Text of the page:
The MGH researchers used micro-NMR to measure levels of nine established cancer-related markers in cells from fine-needle biopsies of deeper lesions, done with guidance from a CT scan or ultrasound. Using a four-protein signature, they were able to diagnose a range of epithelial cancers, including lung, breast, pancreatic, and gastrointestinal, with 96 percent accuracy.

In cell samples from 50 patients who had been referred for clinical biopsies, the four-marker panel correctly diagnosed 48 cases: 44 of 44 malignancies and 4 of 6 benign lesions. In contrast, the accuracy of conventional cytology and histology performed on specimens from the same patients was 74 percent and 84 percent, respectively. The diagnoses were confirmed independently using a combination of clinical, imaging, and pathology data.

The next step for Dr. Castro and his colleagues is to refine the system to identify specific cancers. “Our first endeavor will be customizing the assay with ovarian cancer-specific markers, and we’re enrolling patients treated at the MGH Gillette Center for Gynecologic Oncology for that study,” Dr. Castro said. The researchers hope eventually to apply the technology to blood and other fluids, such as ascites, in which tumor cells are scarce, and they are exploring other cancer applications as well.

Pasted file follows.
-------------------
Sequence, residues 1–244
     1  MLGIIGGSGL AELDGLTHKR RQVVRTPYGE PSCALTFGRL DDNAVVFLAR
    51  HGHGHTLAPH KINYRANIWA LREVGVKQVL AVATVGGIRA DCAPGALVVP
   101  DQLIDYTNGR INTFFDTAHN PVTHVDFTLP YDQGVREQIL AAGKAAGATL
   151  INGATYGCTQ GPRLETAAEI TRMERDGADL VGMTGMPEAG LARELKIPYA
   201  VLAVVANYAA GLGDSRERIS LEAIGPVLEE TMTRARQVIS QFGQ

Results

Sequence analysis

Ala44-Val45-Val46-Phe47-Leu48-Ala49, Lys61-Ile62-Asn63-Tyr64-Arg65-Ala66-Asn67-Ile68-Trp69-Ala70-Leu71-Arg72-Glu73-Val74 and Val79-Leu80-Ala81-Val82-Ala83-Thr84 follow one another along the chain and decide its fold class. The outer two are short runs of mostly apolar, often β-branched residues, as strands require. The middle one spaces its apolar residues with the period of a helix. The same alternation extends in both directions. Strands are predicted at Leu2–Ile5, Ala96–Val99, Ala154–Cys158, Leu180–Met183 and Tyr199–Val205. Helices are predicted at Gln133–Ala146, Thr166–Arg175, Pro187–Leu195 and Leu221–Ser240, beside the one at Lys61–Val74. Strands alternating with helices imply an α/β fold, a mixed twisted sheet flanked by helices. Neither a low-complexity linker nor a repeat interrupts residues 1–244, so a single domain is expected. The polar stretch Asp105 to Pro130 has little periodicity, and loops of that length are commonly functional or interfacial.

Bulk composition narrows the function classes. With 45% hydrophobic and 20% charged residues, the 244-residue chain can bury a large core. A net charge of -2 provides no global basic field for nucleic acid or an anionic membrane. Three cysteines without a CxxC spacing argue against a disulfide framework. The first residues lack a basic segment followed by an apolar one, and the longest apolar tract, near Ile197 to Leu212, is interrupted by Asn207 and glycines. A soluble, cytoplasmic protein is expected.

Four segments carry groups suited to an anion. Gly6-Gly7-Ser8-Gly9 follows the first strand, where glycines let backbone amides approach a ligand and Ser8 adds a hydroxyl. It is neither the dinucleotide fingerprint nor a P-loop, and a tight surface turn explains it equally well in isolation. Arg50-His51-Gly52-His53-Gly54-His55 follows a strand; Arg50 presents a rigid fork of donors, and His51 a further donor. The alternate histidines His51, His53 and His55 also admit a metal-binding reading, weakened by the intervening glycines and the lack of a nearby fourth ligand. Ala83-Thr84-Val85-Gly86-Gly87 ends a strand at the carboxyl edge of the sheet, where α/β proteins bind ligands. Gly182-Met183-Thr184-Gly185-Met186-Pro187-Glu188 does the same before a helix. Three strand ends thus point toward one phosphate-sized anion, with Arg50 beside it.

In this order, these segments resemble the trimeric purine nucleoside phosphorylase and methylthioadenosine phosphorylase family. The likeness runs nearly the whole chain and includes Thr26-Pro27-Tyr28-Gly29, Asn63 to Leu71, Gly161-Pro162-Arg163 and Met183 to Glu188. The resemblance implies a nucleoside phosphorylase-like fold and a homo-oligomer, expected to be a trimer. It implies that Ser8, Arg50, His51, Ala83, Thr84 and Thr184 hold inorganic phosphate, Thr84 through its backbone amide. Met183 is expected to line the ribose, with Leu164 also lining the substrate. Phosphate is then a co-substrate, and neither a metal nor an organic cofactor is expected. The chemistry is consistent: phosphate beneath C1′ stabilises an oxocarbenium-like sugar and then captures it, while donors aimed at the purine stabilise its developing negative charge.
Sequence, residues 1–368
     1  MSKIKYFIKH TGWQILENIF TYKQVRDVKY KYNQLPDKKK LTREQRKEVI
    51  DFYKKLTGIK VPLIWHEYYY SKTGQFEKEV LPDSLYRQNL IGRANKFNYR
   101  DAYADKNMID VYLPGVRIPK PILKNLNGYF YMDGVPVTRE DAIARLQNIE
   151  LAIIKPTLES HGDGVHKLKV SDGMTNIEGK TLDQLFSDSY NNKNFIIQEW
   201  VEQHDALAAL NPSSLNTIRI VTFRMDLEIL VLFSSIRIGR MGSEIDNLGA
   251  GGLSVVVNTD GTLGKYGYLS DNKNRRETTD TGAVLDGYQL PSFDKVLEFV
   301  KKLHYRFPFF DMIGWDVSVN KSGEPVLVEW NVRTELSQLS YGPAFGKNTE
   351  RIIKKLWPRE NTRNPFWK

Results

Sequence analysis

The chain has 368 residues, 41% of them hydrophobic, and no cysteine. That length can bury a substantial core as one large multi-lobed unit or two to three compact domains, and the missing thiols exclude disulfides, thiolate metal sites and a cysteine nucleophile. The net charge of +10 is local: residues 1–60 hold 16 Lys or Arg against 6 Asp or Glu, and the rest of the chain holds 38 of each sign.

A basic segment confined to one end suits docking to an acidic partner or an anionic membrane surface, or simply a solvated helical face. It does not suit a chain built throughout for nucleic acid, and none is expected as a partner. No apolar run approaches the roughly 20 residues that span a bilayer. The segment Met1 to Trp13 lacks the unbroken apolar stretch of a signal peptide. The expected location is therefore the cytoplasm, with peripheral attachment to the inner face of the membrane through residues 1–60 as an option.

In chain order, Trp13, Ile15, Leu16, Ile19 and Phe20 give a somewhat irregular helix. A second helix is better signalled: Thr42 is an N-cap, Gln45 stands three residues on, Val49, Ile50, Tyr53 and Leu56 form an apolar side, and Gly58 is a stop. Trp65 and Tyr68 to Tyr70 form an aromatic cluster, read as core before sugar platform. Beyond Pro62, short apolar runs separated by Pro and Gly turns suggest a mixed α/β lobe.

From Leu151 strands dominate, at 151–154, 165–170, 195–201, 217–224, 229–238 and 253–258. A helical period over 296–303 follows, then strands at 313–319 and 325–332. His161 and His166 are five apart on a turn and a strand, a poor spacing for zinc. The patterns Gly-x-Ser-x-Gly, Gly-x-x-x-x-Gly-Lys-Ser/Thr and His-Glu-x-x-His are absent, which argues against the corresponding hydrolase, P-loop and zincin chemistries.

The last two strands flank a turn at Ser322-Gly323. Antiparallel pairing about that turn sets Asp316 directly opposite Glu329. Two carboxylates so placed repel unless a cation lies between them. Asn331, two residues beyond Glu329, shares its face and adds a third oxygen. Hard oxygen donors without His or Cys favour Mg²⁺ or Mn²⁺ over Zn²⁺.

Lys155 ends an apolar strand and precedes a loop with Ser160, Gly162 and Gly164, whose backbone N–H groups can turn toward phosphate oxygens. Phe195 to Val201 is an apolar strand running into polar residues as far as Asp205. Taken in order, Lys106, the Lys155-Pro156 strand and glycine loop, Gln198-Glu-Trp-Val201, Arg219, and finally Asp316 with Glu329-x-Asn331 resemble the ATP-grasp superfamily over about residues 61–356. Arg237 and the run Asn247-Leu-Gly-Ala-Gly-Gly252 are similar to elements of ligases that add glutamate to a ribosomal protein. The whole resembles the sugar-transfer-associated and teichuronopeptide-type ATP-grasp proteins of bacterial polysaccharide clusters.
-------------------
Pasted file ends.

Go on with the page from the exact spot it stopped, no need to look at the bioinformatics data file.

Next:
Potential for Personalized Medicine

Many cancer researchers and companies recognize the need for diagnostic tools that could be used in tandem with targeted therapies, and in a range of clinical studies needed to develop such therapies.

“To fully achieve the potential of personalized cancer therapy will require noninvasive methods for analyzing genes and proteins in a patient’s tumor or serum, which can be used in real time to determine the best treatment or treatment combination,” said Dr. Roy Herbst, who recently assumed the role of chief of medical oncology at Yale Medical Center. “I think this [micro-NMR system] is clearly an example of a step in the right direction.”

“With this machine, we have the strong potential to start asking more refined and elegant questions in clinical research,” Dr. Castro said. Because the micro-NMR technology is sensitive and minimally invasive, he explained, it could be used in clinical trials that require repeated tumor sampling at various time points. For example, researchers could use micro-NMR to identify and validate new tumor markers for clinical use or to look at how markers change during the course of therapy.

“We consider this to be a platform technology because the markers are very interchangeable,” Dr. Castro explained. “So, as the science evolves, as we get more information from the clinic and from laboratories elsewhere, we can react to that.”

Elia Ben-Ari